Sat. Jan 22nd, 2022

Margaret Teobasi Tadokata says the deadly riots and unrest in the Solomon Islands capital Honiara reflect the ethnic tensions that forced her and her young family to flee the country more than two decades ago.

Teobasi Tadokata arrived in Australia in 2000 with her husband and her then two-month-old baby.

Ethical tensions began as fights between people from the island of Guadacanal, which is home to the capital Honiara, and settlers from the most populous island in the province of Malaita.

A woman smiles while taking a selfie.
Teobasi Tadokata and her young family were forced to flee the Solomon Islands.(Delivered)

From 1998 to 2003, internal ethnic conflict between militants in Malaita and the nearby Guadalcanal became known as the “tensions”.

It is estimated that at least 200 people died.

“We could not go to Guadacanal. It is unsafe for me. And we could not go to Malaita, it is unsafe for my husband.

One woman pushes a wheelbarrow and others clean up between the rubble of a building
Renewed unrest has set people from Malaita up against Guadalcanal residents.(ABC News: Evan Wasuka)

“It was so insecure, it was so scary.

“So that’s why we fled the country and we came over to Australia.”

Teobasi Tadokata remembers that the militia came to her house and tried to harm her husband.

“They were actually trying to hurt him and we went into hiding for a few days until we got a visa and we could get out of the country,” she says.

Teobasi Tadokata followed the news and social media as riots broke out in Honiara last Wednesday, with protesters of mostly Malaita origin urging Prime Minister Manasseh Sogavare to resign.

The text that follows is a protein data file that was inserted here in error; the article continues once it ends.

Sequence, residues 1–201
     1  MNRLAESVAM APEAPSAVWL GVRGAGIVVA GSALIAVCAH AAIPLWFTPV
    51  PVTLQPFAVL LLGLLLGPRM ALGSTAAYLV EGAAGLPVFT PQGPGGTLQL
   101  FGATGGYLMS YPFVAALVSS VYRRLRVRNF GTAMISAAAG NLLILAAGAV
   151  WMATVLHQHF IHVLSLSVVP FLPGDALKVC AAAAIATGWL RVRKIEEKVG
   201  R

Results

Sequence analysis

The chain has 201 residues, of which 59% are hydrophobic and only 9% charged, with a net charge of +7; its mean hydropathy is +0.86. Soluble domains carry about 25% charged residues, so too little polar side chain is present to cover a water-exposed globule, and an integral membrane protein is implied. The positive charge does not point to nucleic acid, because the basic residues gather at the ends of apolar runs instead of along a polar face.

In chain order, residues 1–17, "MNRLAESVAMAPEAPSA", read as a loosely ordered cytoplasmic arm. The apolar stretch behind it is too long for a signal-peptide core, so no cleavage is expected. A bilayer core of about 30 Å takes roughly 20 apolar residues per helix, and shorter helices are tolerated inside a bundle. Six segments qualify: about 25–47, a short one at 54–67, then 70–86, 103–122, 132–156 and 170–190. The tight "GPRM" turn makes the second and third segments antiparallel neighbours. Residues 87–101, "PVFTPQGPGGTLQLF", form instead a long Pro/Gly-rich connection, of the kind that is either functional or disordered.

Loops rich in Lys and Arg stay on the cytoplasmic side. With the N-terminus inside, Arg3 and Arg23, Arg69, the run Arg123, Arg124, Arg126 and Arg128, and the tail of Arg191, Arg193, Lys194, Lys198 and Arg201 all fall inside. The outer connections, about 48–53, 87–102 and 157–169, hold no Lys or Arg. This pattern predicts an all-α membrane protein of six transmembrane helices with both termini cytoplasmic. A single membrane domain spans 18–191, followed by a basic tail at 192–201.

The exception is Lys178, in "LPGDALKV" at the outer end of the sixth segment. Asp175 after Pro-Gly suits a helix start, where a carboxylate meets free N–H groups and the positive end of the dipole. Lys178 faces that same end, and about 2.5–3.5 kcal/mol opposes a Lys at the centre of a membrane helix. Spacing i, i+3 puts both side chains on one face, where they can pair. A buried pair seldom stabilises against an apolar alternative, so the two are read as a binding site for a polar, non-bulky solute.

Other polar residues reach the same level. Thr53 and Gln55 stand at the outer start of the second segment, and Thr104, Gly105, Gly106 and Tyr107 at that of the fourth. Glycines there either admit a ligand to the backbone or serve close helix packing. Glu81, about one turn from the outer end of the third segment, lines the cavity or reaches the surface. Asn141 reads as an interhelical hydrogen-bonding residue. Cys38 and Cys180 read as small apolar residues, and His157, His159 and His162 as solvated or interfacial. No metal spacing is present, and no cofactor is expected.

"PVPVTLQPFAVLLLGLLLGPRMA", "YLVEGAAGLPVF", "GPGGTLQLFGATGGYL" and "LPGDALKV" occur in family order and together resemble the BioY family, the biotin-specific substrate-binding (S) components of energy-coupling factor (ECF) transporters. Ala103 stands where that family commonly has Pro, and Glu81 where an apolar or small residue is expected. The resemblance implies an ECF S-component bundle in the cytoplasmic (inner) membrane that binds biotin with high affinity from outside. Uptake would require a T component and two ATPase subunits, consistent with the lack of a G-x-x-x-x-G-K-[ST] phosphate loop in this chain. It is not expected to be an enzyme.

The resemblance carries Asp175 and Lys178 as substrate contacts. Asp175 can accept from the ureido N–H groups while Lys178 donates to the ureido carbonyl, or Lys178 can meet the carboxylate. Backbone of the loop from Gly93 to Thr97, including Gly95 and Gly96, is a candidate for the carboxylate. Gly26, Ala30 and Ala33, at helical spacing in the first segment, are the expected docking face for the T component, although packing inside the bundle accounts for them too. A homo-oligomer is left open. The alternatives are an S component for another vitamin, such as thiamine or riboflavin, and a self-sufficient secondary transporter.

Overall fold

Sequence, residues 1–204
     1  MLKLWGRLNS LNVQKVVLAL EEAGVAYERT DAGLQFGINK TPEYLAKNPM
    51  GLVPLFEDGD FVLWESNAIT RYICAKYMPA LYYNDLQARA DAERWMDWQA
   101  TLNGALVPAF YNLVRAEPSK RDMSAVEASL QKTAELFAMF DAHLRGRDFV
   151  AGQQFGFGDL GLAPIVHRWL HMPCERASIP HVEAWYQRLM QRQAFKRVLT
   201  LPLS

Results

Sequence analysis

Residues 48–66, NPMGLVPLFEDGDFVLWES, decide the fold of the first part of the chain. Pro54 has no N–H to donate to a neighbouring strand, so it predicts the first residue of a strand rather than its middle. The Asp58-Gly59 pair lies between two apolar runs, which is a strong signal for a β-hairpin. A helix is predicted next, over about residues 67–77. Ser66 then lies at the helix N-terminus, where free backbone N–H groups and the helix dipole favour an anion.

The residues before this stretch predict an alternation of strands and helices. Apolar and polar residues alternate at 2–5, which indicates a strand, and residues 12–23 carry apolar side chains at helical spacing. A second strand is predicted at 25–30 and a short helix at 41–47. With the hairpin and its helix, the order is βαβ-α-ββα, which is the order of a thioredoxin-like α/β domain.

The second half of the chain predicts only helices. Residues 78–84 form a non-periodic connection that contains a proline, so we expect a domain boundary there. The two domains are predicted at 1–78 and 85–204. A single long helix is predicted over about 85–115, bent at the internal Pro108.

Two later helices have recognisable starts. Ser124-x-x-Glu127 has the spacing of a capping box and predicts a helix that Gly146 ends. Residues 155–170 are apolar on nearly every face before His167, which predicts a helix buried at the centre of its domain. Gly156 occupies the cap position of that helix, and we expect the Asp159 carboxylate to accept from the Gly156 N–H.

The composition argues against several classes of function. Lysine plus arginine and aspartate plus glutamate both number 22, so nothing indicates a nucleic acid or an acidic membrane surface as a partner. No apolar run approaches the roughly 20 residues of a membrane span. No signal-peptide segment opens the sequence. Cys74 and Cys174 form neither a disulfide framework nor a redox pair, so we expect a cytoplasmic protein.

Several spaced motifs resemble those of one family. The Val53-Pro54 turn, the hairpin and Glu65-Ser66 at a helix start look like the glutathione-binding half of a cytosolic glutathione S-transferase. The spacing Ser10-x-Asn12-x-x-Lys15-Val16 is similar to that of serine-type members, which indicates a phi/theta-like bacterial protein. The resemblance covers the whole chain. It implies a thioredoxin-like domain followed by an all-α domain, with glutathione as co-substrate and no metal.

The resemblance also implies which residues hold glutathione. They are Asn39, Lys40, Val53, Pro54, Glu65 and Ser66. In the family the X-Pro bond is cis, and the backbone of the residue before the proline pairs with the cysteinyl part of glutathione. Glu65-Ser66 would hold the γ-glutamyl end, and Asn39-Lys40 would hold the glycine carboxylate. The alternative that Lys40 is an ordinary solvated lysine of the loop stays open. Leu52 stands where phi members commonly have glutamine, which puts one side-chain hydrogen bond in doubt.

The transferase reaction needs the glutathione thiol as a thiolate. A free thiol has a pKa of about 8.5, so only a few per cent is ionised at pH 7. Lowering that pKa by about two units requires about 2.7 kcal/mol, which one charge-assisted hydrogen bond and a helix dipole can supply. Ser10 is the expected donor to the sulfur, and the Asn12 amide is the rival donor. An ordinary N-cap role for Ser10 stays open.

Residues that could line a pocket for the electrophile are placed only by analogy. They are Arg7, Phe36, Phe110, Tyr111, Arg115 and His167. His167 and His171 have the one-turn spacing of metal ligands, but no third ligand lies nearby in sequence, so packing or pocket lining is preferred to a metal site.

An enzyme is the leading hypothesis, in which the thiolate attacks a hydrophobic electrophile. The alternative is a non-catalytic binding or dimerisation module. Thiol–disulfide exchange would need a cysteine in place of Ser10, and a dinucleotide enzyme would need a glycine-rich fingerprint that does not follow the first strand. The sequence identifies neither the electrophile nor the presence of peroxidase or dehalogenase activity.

At least three people have been killed – found in a burnt-out building in Honiara’s Chinatown – and more than 100 have been arrested for alleged looting and arson.

“It just breaks your heart, like seeing everything now, people are posting,” she says.

“It’s really, really emotional at the moment.

“Your heart hurts and you really feel very helpless.”

A destroyed building in Honiara with graffiti with the text 'China go home'
Looting has taken place in Honiara’s Chinatown.(Reuters: Jone Tuiipelehaki)

While far from home, she is in contact with friends and family members based on Honiara, who have been victims of recent riots.

“One of my uncles … his whole store has burned down,” she says.

“Now I know that all my aunts and cousins ​​and uncles, it’s their income, it’s family money that comes in.

“So it’s gone like this. What’s next? It’s really, really worrying and stressful.”

Chinese residents have previously experienced targeted violence

For Phillip Leong, who is also based in Melbourne, it is disturbing to see the unrest in his home country – but nothing he has not experienced before.

Brisbane born The 41-year-old grew up in the Solomon Islands but left in 2001, towards the end of ethnic tensions.

A 41-year-old man wearing a short-sleeved shirt.
Mr. Leong’s mother is still in the Solomon Islands.(Delivered by: Phillip Leong)

“They are pretty much … happy people, but when it comes to political issues, there are different views and ideas,” Mr Leong said.

“What I experienced is … if there is disagreement, there must always be … riots and looting, and that’s pretty sad.

“It was sad for me to experience it when I was there back in the late ’90s.”

Several residents of Honiara are holding shovels and inspecting a damaged building while others watch
The violence in Honiara has sent shock waves through the Solomon Islands diaspora.(ABC News: Evan Wasuka)

Sir. Leong is of ethnic Chinese descent and is also president of the Solomon Islands Victoria Association.

His grandfather was Chinese and helped build Honiara’s Chinatown.

It has been difficult to see Chinese-owned companies targeted in recent riots.

“It’s so sad because a lot of Solomon Islands communities here, we all have families and friends at home,” he says.

“Many of us have connections with people at home, they have the businesses … being looted, burned to the ground.”

Sir Leong stays in touch with his family in Honiara, saying it was painful to be so far away from his mother.

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